Does a Trade Career Make Sense for Me?

A career in the trades gets a bit of a bad rap these days, and a lot of that is due to misconceptions, especially among younger people. For starters, one needs to realize that not only is a trade career gainful employment, it’s not anything like the unskilled labor jobs that a lot of people see as a dead end.

 

Not only does a trade school graduate automatically become a key part of the economy, they generally get out of their program certified in a special skill, like welding, which earns a respectable salary. Another alternative is being a mechanic. There’s a use for this job in just about any town or city, and specialization, like working on a Nissan Sentra in Santa Ana, will help drive up your asking price in terms of salaries. These are only two examples of the 30 million jobs nationwide that pay an average of $55,000 per year without a bachelor's degree.

 

The one con, if you can really call it a con, is that trade school means you need to know exactly what you’re going to get from your education before you start. Then again, with student loan prices being what they are, many people would say the same of conventional college as well. However, a more concrete issue is that there may not be the same tier of support and resources that you see at a university. On the other hand, you can start earning a lot quicker and have your earnings count for more. The average trade school program ranges anywhere from eight months to two years. They are also far less expensive than a comparable stay at a college, let alone a four-year program. You may graduate with an associate’s degree or certificate depending on your school and program.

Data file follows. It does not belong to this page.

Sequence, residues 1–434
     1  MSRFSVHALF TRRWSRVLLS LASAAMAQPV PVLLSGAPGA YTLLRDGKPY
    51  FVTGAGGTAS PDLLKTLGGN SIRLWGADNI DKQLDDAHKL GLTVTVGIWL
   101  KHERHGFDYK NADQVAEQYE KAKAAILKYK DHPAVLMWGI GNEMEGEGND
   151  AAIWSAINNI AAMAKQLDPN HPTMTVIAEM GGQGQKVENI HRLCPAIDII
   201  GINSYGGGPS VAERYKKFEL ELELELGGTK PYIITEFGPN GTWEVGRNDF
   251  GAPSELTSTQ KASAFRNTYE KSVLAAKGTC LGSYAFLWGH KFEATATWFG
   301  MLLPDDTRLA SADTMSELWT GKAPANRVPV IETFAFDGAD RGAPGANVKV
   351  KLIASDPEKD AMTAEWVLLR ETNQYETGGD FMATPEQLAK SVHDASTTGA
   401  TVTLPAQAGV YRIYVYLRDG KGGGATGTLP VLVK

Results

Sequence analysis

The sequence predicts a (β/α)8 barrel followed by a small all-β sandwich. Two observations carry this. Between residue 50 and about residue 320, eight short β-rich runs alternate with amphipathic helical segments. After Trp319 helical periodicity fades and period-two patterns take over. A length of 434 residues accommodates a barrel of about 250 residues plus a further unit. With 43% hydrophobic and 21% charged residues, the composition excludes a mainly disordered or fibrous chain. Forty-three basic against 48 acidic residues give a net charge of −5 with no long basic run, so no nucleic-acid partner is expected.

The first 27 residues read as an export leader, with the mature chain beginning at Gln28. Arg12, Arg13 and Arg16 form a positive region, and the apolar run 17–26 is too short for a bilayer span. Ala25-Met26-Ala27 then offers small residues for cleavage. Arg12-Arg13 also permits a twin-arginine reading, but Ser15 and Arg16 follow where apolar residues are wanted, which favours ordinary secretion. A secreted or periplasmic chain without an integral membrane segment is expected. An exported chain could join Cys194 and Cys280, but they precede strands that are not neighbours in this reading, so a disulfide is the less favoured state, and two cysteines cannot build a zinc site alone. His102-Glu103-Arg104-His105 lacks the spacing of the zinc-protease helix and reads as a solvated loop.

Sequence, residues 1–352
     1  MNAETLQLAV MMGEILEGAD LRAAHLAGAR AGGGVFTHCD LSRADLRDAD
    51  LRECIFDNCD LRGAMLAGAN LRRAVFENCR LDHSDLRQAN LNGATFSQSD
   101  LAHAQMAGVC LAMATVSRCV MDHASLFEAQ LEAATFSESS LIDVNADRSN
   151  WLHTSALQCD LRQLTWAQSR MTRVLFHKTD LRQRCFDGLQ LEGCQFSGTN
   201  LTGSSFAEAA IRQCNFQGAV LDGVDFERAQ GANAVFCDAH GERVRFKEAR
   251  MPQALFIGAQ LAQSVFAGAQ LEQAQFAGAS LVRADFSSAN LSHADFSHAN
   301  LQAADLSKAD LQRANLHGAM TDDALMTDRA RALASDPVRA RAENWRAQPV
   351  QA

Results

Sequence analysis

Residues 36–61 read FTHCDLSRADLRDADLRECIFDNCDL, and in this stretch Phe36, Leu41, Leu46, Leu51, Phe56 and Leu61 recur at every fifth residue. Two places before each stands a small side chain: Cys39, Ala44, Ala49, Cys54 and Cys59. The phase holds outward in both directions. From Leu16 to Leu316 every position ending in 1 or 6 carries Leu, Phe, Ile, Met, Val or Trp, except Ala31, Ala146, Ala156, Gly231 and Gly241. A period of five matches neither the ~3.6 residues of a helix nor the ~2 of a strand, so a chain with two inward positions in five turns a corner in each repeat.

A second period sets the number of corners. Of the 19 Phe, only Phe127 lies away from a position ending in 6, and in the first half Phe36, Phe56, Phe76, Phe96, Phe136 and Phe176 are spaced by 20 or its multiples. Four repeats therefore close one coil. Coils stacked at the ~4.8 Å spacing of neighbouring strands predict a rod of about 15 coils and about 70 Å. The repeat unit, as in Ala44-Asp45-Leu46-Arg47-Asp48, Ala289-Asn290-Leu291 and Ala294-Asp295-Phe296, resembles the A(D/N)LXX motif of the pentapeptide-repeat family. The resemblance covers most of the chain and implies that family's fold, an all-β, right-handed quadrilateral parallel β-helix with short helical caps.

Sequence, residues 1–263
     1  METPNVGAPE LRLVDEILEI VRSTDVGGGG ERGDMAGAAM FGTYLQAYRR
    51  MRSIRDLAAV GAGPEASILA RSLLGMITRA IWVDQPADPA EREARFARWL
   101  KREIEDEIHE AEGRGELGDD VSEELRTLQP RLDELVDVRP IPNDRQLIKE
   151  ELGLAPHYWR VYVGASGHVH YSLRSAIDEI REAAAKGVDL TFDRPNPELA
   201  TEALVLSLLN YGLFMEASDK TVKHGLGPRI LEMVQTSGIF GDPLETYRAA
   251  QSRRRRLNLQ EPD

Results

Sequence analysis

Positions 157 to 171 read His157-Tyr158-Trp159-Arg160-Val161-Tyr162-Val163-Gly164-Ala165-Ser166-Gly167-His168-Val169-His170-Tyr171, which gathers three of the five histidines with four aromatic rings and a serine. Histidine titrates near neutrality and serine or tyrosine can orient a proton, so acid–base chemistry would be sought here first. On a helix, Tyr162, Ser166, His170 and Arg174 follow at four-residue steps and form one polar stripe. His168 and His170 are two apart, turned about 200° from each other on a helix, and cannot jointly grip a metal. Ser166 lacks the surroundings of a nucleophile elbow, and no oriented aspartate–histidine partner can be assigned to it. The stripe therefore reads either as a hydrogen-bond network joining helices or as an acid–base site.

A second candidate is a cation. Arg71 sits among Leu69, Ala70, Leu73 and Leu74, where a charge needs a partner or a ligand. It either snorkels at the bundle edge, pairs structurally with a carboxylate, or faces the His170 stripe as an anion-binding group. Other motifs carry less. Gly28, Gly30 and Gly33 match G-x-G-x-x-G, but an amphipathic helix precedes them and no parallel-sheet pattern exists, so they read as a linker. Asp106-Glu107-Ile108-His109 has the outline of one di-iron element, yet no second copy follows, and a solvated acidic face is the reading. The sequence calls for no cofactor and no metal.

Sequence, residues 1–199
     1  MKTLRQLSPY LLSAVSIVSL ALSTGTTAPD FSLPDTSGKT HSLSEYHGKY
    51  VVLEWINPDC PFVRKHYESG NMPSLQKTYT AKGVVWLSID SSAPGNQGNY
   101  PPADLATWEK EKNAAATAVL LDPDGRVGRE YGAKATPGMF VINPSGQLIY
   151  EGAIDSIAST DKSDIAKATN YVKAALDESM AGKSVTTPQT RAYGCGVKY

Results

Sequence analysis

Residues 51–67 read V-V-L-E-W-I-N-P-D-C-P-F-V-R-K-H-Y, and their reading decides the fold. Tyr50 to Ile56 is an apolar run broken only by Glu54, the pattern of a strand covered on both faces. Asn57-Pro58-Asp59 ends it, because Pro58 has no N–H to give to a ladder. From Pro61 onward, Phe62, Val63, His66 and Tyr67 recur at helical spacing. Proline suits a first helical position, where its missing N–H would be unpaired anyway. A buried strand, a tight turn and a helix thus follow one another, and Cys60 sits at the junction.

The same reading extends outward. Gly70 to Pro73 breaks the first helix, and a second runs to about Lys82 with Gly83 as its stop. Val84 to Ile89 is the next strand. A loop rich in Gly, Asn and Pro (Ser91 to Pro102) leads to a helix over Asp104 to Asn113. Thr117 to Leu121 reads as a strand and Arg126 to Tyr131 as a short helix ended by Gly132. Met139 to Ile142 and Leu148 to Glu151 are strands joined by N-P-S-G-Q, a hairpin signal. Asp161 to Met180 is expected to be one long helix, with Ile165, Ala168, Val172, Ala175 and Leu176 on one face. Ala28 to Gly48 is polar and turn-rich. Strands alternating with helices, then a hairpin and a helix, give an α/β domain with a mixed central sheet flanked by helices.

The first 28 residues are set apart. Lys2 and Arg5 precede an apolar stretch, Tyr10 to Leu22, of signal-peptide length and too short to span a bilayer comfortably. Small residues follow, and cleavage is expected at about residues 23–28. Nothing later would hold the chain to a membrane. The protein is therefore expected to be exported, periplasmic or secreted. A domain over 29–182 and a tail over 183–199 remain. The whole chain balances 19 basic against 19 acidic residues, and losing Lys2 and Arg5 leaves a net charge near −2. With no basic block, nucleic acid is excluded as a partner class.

The ultimate goal of any trade school program is getting you to a point where you can either get a job in your field of choice post-graduation or prepare for a licensing exam/apprenticeship (if you are trying to be an electrician for example). This means doing your proper research to see how graduates of any given school do in terms of placement.

 

Perhaps one of the greatest benefits of trade schools is that there are far fewer hoops to jump through in terms of getting your education. No applications, no extracurricular activity needs, no SAT scores. Your main concerns need to be getting your money for your classes and making the time for your education so you can do well. For many people, this sounds like an appealing trade-off.